Dark Web Scanning is a sophisticated monitoring solution that helps businesses of any size detect cyber threats that expose their stolen business accounts, email addresses, payment information, and other confidential data that’s on the Dark Web. It also does this in real time and detects any of your compromised credentials or information before criminals can use it for profit or other crimes.


Don’t Count On The Marriott’s Of The World To Protect Your Business Data – You Must Do This Yourself


Contact us for information about Data Protection, Security Awareness Training and Dark Web Scanning. We have a Suite of IT Security Solutions to help you keep your business data secure.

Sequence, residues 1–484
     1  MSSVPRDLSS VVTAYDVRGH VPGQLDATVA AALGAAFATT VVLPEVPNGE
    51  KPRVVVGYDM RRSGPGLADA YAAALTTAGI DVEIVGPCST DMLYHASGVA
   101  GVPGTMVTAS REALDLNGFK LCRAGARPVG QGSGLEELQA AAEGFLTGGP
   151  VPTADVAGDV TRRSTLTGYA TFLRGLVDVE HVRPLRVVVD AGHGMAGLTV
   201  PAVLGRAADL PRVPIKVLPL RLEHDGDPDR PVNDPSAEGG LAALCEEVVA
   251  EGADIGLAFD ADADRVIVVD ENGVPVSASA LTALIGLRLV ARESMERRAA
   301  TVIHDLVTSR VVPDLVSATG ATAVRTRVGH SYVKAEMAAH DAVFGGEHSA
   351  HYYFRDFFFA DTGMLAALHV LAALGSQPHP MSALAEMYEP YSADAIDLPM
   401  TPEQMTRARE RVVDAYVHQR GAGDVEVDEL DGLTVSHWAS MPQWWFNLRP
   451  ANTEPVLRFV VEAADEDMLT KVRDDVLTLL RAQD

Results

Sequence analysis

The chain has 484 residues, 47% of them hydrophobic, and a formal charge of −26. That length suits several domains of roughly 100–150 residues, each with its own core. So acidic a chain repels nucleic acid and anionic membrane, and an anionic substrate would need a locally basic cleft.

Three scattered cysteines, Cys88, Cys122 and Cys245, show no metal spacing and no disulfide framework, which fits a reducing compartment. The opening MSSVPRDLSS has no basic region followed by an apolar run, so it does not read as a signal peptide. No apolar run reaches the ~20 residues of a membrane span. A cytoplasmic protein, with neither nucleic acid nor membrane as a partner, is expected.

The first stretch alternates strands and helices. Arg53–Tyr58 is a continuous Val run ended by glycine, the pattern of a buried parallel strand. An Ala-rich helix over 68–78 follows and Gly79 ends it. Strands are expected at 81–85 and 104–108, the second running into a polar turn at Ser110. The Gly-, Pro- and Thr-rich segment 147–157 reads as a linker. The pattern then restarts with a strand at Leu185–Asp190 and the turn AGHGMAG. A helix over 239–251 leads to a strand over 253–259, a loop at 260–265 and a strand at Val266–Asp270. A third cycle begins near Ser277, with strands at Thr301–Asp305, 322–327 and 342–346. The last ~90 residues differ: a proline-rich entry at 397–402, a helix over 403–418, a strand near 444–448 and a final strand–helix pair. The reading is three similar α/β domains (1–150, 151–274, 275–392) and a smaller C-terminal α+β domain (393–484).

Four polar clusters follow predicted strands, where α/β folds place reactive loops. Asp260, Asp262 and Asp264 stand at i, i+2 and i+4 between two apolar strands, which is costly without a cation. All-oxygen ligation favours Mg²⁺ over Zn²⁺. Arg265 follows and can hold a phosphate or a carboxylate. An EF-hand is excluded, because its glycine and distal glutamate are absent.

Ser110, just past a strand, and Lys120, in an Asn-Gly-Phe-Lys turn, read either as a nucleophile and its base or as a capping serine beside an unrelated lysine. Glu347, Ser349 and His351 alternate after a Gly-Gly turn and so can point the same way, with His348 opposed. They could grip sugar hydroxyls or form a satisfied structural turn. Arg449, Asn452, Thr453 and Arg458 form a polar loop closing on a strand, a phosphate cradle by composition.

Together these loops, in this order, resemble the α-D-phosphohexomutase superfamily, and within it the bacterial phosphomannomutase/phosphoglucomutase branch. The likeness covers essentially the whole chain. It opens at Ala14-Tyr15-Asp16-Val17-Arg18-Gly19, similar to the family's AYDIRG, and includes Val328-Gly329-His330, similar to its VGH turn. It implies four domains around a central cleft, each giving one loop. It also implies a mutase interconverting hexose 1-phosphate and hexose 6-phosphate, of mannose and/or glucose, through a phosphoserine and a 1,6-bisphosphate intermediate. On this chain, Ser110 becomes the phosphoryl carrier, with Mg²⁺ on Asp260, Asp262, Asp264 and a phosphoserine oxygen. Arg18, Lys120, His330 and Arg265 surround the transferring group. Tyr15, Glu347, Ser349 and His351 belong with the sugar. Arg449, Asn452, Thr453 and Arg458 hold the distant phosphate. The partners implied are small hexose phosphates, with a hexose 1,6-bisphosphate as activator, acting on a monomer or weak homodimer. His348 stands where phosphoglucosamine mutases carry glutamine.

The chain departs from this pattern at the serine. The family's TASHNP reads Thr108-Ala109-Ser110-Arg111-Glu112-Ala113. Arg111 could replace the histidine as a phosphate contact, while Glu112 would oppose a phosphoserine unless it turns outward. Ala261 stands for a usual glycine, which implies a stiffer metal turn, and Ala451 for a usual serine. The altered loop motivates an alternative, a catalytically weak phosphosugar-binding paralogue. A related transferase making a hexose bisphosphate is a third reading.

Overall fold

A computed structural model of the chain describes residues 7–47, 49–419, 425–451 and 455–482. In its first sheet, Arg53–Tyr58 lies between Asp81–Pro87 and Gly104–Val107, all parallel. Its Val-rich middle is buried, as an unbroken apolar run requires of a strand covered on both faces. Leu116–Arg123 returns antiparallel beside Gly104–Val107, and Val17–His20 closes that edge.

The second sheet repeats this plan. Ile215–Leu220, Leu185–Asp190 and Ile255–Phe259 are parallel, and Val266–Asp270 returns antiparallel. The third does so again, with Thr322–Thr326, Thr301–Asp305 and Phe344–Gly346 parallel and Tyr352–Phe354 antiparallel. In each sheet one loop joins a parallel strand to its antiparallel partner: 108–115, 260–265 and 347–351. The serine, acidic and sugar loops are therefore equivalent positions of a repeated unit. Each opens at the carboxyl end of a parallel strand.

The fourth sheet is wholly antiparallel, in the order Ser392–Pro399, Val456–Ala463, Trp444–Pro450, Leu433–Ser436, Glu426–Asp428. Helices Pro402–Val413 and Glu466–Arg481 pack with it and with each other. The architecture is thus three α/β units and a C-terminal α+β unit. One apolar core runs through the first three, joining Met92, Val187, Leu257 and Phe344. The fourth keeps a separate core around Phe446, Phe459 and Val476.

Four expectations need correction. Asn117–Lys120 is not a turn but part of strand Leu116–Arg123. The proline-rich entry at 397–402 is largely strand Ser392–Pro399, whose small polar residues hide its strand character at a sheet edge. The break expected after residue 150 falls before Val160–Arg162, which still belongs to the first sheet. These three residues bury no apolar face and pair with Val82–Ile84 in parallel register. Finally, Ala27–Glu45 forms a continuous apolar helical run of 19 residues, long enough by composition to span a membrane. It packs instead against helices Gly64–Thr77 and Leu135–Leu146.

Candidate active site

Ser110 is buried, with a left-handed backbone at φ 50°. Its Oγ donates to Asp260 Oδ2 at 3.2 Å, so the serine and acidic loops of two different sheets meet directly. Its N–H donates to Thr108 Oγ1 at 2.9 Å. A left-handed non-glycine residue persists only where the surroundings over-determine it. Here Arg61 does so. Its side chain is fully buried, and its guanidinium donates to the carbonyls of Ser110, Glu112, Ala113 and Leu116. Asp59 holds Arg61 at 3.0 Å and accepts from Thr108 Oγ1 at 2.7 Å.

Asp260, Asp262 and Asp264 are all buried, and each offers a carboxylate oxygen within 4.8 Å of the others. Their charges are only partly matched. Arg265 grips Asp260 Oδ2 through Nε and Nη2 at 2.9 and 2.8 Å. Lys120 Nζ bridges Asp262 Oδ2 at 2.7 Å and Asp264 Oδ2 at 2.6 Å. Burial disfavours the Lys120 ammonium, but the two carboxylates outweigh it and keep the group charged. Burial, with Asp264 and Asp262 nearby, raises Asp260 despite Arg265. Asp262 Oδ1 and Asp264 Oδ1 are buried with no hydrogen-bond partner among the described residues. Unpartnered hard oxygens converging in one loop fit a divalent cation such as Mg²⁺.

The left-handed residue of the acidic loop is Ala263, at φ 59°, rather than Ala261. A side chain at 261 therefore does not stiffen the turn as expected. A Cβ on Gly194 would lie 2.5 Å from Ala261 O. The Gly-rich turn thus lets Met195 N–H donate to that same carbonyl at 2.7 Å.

Why is my Windows 10 Pro Deactivating?


If you are experiencing problems with your Windows 10 Pro operating system, you are not alone. Thousands of users from the US, Japan, and South Korea flooded tech message boards late this week with complaints that their legitimately purchased software was deactivating itself.



What Exactly Happened?


Starting on November 8, comments began to appear online from several users expressing frustration over the pop-up messages they received from Microsoft after booting up their computers. These messages included the error codes: 0xC004C003 or 0xC004C003, and incorrectly implied that the users were trying to run illegal copies of the Windows 10 Pro edition on their computers. Those affected by the glitch were then prompted to install the Windows 10 Home edition or to purchase a genuine copy of the Pro edition from the Microsoft store. Anyone who received a deactivation warning was still able to operate the computer using the Windows 10 Pro edition, although distracting watermarks were plastered across the screen.